Moyne Shire forms a large proportion of the South West Victoria candidate Renewable Energy Zone (REZ) and is the major growth area for wind energy facility development in Victoria. Within Moyne Shire there are five operational wind farms, two under construction, three with permits but not yet constructed and three seeking permits or in the feasibility stage. lf all these wind farms are constructed the Shire will host approximately 800 turbines, generating about 3 GW of electricity and covering over 12 % of Moyne Shire's land area.
The cumulative impacts of wind farms are a current issue for Council and its community. Noise, visual, traffic, road, accommodation and environmental impacts are consistently raised by the community as areas of concern. Council resolved on the 27 November 2018 to oppose any further wind farm development until recommendations in the National Wind Farm Commissioners 2017 annual report were implemented in the Victorian context.
Port Fairy Smart Energy Precinct
The Port Fairy Smart Energy Precinct (PFSEP) is an exciting and innovative initiative that seeks to counteract escalating energy prices, through collaboration and renewable energy technology. The Port Fairy Smart Energy Precinct has been founded by the following businesses through the realisation that they have shared ambitions and outcomes in relation to increasing their uptake of reliable locally generated renewable energy and a desire to deliver broader community benefits.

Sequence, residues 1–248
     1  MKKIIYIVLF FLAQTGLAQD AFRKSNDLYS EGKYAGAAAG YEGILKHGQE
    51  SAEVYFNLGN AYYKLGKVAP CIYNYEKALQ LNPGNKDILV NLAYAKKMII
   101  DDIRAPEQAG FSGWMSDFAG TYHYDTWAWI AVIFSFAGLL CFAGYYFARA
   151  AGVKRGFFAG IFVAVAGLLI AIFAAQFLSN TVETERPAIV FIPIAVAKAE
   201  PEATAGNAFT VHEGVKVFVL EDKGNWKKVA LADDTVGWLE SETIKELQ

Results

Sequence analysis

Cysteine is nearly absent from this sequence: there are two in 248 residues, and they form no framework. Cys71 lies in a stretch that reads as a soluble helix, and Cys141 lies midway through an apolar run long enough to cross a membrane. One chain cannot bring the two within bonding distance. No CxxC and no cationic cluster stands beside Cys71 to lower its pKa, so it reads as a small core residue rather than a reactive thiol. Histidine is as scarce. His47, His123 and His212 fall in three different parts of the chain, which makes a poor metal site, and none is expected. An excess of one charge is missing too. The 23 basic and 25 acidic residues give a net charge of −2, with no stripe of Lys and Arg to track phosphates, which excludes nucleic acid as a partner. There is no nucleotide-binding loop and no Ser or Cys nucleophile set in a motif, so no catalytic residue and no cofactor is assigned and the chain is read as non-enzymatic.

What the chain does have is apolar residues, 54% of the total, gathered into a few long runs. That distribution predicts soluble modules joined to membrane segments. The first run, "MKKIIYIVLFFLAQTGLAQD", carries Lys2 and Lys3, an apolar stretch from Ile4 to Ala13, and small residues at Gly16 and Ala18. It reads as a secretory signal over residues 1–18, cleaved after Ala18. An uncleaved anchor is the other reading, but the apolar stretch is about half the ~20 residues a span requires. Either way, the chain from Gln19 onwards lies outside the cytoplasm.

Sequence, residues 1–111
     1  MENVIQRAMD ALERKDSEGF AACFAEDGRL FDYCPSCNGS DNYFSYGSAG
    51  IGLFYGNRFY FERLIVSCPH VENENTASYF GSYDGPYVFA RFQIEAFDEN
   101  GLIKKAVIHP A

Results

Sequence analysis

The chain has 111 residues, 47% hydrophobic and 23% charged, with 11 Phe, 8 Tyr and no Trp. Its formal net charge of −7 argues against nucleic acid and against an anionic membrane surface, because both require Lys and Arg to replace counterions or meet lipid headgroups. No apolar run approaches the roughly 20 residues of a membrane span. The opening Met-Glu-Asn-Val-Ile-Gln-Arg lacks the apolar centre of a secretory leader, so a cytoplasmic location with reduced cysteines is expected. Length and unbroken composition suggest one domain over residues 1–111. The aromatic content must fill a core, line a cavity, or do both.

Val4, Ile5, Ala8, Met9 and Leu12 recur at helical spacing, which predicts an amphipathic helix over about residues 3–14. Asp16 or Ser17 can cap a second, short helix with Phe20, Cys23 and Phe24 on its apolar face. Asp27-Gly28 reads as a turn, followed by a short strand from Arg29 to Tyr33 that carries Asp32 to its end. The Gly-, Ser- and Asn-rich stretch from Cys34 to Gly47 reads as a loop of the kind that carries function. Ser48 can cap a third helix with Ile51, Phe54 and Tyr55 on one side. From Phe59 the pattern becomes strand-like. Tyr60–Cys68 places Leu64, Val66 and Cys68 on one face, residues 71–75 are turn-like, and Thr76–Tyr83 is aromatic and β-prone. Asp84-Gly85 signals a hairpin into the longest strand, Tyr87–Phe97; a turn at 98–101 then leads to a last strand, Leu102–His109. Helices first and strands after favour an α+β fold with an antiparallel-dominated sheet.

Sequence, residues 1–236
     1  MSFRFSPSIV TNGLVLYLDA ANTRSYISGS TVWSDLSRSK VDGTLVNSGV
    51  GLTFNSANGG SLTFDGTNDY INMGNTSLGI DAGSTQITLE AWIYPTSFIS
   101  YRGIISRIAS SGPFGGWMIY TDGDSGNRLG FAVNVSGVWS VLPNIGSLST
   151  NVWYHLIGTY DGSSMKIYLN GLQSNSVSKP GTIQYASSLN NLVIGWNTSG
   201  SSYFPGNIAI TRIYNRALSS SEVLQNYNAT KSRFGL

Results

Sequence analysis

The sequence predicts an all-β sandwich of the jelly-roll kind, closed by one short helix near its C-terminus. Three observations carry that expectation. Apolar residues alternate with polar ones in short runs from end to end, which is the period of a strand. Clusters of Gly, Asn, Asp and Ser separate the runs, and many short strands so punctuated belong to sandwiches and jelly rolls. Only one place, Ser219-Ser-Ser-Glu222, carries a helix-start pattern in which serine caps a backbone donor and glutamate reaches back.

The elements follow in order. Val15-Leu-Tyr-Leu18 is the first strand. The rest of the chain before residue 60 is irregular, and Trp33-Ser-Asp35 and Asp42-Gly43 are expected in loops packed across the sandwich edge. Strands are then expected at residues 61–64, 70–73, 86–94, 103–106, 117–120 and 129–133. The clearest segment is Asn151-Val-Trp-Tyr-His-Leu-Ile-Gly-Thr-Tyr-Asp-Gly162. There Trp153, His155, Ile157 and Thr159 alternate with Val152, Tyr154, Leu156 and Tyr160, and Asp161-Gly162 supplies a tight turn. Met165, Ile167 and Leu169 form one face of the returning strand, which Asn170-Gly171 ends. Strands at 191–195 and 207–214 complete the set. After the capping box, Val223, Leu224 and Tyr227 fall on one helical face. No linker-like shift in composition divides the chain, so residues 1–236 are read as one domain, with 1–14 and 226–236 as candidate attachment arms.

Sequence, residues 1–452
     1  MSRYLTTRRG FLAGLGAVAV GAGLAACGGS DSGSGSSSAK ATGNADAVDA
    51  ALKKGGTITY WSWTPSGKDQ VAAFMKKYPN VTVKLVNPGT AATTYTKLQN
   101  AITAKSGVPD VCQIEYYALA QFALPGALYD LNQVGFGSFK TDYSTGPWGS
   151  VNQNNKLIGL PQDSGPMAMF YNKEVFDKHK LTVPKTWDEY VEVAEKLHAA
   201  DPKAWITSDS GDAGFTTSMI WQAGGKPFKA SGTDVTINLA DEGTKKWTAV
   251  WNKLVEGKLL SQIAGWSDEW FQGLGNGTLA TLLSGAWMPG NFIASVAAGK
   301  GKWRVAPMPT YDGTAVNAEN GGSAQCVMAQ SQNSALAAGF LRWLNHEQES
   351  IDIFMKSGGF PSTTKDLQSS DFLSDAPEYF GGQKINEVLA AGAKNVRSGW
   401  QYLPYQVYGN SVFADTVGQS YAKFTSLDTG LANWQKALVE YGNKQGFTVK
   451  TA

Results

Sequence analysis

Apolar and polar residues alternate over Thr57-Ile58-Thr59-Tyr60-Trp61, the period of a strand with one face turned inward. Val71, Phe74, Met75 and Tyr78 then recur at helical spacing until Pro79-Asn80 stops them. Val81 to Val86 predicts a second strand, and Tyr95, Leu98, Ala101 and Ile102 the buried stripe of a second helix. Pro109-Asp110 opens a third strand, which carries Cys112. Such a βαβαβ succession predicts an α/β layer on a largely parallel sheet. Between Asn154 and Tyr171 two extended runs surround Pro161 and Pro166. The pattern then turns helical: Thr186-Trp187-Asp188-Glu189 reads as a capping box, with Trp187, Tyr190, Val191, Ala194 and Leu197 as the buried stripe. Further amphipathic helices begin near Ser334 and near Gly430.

- Bamstone – Nationally recognised manufacturer of natural stone products
- Southern Ocean Mariculture – International exporter of marine food products
- Sun Pharma – Global pharmaceutical manufacturer
- Wannon Water – Regional water authority for the South West of Victoria
- Moyne Health Services – Regional health provider
Funding ask $300K to align with renewable energy infrastructure such as battery storage, wind turbines and solar.
Food and Fibre – energy requirements
Moyne Shire supports calls by the Great South Coast Group to upgrade single phase power to three phase infrastructure in South West Victoria.
Upgrading the region’s power infrastructure would underpin efforts to modernise irrigation and strengthen agricultural water security, and better prepare the region for the impacts of climate change. It would support the region’s key sectors of agriculture, food and fibre, as well as tourism.
This upgrade, covering less than 100 kilometres of single phase line and estimated to cost almost $9 million, would bring at least $2 million in value annually in the form of jobs, economic value and flow-on spending.